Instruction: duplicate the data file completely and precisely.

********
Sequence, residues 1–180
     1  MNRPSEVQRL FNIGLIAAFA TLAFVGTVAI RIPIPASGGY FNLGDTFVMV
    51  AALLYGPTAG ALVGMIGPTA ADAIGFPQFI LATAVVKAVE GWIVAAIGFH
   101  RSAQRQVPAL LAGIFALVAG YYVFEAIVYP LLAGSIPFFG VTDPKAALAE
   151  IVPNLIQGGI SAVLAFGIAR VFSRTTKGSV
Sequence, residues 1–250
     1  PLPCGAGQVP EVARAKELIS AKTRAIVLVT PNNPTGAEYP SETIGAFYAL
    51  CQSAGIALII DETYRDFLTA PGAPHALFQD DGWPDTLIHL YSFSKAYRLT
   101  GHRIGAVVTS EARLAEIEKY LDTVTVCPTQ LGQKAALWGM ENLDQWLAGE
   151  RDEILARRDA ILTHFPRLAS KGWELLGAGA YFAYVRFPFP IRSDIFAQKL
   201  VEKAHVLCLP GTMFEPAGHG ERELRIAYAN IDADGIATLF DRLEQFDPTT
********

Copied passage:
Sequence, residues 1–180
     1  MNRPSEVQRL FNIGLIAAFA TLAFVGTVAI RIPIPASGGY FNLGDTFVMV
    51  AALLYGPTAG ALVGMIGPTA ADAIGFPQFI LATAVVKAVE GWIVAAIGFH
   101  RSAQRQVPAL LAGIFALVAG YYVFEAIVYP LLAGSIPFFG VTDPKAALAE
   151  IVPNLIQGGI SAVLAFGIAR VFSRTTKGSV
Sequence, residues 1–250
     1  PLPCGAGQVP EVARAKELIS AKTRAIVLVT PNNPTGAEYP SETIGAFYAL
    51  CQSAGIALII DETYRDFLTA PGAPHALFQD DGWPDTLIHL YSFSKAYRLT
   101  GHRIGAVVTS EARLAEIEKY LDTVTVCPTQ LGQKAALWGM ENLDQWLAGE
   151  RDEILARRDA ILTHFPRLAS KGWELLGAGA YFAYVRFPFP IRSDIFAQKL
   201  VEKAHVLCLP GTMFEPAGHG ERELRIAYAN IDADGIATLF DRLEQFDPTT